Studies have already established the link between dementia problems such as Alzheimer’s and loss of teeth. Dentists these days don’t rule out the possibility of people with periodontal disease developing Alzheimer’s.

If you want a dentist who will not only look after your oral health but your overall well-being as well, our dentist in Burtonsville, MD, Dr. Aaron Nicholas, is the man for the job. Contact us today and set up your first appointment!

TMJ Pain Treatment Options

TMJ Pain Treatment OptionsTMJ Pain Treatment Options

TMJ, or temporomandibular joint, refers to the joint located in front of the ears on both sides of the head. These joints and the surrounding ligaments and muscles connect the mandible, or lower jawbone, to the temporal bone of the skull. There are discs located between each joint that cushion the bones of the joints to enable smooth, painless movement. The TMJs are responsible for jaw movements that facilitate eating, speaking, and producing facial expressions.

TMJ Dysfunction – What Is It?

There will be instances when a person’s TMJs will become disconnected or improperly seated. When this happens, the nearby muscles work overtime to hold the jaw in proper position. Unfortunately, these muscles eventually become fatigued and swollen and put stress on local nerves. This condition is known as TMJ dysfunction or disorder (TMJD or TMD).

According to a trusted Laurel MD dentist, TMJ disorder causes intense pain and discomfort of various parts of the body, including the jaw, mouth, face, ears, neck, shoulders, and back. Some patients even experience tingling toes and fingers. Other symptoms of this disorder include toothaches, sinus problems, headaches and migraines, pain when chewing or yawning or when opening or closing the jaw, facial tension, clicking, and locked jaw.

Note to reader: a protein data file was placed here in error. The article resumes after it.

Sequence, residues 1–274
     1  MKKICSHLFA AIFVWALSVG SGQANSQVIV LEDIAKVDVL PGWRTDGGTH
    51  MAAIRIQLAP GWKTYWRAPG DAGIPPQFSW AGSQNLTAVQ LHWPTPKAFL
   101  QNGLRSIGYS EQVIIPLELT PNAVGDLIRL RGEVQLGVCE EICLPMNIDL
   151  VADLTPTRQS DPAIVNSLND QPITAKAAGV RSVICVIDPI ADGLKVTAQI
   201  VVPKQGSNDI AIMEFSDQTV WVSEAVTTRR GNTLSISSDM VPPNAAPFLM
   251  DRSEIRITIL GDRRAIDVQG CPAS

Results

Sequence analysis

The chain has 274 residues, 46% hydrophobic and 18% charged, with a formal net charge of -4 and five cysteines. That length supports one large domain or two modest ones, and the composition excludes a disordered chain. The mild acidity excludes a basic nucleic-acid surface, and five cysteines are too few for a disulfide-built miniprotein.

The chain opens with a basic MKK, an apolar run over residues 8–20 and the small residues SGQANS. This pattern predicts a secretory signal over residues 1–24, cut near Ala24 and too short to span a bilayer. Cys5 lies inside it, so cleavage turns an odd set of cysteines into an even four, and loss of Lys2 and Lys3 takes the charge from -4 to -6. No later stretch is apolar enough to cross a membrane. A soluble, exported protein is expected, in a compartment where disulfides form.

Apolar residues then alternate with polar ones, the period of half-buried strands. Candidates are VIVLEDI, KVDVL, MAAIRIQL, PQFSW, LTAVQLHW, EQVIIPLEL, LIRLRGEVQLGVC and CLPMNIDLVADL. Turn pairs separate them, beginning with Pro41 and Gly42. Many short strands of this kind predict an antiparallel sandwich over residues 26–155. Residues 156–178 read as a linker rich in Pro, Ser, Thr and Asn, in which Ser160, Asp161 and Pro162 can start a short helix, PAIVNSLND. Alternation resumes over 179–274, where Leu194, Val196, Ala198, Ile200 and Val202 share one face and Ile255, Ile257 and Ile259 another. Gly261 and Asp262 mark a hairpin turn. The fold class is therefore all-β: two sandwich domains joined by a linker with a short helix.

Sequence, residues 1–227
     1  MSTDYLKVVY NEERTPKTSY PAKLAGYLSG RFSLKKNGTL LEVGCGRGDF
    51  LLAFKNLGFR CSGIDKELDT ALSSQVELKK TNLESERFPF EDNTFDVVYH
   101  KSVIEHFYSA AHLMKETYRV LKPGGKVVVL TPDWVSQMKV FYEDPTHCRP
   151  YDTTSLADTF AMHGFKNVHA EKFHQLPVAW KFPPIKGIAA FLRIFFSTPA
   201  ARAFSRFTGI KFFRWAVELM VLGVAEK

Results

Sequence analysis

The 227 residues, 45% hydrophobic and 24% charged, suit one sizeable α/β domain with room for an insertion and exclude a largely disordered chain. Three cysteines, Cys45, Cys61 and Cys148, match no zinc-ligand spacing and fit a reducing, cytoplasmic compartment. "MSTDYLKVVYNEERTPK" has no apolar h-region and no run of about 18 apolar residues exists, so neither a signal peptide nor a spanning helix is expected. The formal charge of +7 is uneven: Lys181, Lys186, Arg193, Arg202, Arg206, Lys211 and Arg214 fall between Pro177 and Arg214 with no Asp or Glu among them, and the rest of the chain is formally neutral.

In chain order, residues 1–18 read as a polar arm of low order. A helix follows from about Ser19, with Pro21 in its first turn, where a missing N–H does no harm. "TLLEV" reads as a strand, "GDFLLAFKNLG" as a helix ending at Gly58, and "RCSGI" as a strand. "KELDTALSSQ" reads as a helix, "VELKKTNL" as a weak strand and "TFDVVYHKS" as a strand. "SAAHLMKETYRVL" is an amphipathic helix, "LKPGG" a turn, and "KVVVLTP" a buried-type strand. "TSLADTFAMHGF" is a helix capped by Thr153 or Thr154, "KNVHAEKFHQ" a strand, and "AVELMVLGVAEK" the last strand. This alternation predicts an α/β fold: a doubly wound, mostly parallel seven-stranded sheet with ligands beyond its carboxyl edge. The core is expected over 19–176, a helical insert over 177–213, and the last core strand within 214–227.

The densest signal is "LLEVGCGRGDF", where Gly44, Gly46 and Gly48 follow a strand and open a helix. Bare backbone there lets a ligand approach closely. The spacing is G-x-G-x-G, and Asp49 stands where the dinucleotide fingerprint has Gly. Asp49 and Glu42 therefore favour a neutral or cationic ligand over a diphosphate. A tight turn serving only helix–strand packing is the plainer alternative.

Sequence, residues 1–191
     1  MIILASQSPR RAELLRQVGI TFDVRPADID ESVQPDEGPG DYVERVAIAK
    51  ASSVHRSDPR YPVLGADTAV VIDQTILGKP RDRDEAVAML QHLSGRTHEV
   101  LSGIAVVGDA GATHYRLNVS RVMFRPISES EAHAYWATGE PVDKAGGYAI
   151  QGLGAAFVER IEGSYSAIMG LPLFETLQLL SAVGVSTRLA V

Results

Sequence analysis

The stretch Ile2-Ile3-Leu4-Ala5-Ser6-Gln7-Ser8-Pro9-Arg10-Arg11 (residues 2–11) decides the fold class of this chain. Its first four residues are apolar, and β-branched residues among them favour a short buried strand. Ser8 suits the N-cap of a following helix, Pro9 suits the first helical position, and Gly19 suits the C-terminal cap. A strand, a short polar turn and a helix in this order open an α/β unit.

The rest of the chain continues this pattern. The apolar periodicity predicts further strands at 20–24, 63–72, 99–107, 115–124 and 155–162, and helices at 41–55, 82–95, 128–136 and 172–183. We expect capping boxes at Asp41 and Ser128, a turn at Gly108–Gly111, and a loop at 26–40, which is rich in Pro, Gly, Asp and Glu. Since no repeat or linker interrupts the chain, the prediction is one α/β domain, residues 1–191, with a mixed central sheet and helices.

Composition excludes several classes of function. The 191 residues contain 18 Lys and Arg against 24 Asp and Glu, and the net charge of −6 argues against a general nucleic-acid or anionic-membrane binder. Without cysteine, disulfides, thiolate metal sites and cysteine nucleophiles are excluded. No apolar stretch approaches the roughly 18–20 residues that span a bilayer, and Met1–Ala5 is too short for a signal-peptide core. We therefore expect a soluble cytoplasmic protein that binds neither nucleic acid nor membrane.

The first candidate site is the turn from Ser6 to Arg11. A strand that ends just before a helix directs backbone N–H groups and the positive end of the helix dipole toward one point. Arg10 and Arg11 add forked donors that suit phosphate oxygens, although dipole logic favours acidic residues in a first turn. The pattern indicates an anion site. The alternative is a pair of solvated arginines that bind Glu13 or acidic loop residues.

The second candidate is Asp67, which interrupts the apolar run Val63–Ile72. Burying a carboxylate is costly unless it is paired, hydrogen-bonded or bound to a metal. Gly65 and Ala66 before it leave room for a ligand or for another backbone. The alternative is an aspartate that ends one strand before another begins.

TMJ disorder can be caused by one or more factors. The most common causes are:

  • Trauma to the jaw joint
  • Ear infections
  • Improper placement or adjustment of dental fillings
  • Grinding and/or clenching of the teeth
  • Bad occlusion
  • Osteo or rheumatoid arthritis and other types of autoimmune disorders

TMJ Pain Treatment Options

Dentists and other health practitioners offer various types of TMJ pain treatment.

Certain medications are needed to supplement nonsurgical treatments. These medicines can help relieve the pain associated with TMJ disorder. Pain relievers, non-steroidal anti-inflammatory drugs or NSAIDs, tricyclic antidepressants, and muscle relaxants can help relieve pain caused by TMJ disorders.

Recommended non-surgical, drug-free, and alternative therapies for TMJD include:

The use of oral splints or mouth guards or occlusal appliances

Many patients suffering from jaw pain can benefit from wearing a soft or firm device inserted over their teeth.

Physical therapy

Your dentist or healthcare provider will use ultrasound, moist heat and ice to provide pain relief. You will also have to do exercises to stretch and strengthen your jaw muscles.

Acupuncture

An acupuncture specialist will treat the chronic pain by inserting hair-thin needles in your jaw and other areas on your body.

Relaxation techniques

Practicing the right breathing techniques can help you relax tense muscles which, in turn, can reduce pain.

If these methods won’t provide pain relief, you will be recommended to undergo surgery or other medical procedures. These include arthrocentesis, a minimally invasive procedure which involves the medical practitioner inserting small needles into the joint so that fluid can be irrigated through the joint to remove debris and inflammatory byproducts. Other options that may also be recommended are TMJ arthroscopy, modified condylotomy, and    open-joint surgery.

To find out which TMJ pain treatment options are best for you, make sure you have a thorough discussion with your Burtonsville dentist. Don’t suffer with pain from TMJ, contact Nicholas Dental Care today and allow them to help you get rid of your dental pain.

 

 

What Causes Tooth Decay?

Tooth DecayWhat Causes Tooth Decay?

According to the National Institute of Dental and Craniofacial Research, dental caries, more popularly known as tooth decay, are some of the most common chronic diseases in both kids and adults. This is despite the fact that it is a preventable condition.

But what exactly causes tooth decay?

Tooth decay is caused by a diverse number of factors. A Laurel, MD dentist lists the most common causes below.

Poor Oral Hygiene

If you do a poor job of cleaning your teeth, you become more vulnerable to getting tooth decay.

How do you take good care of your teeth and gums? Brush your teeth at least twice a day and floss at least once a day. Brush your teeth for at least two minutes and remember to clean your tongue as well.

Enamel Issues and Deep Tooth Crevices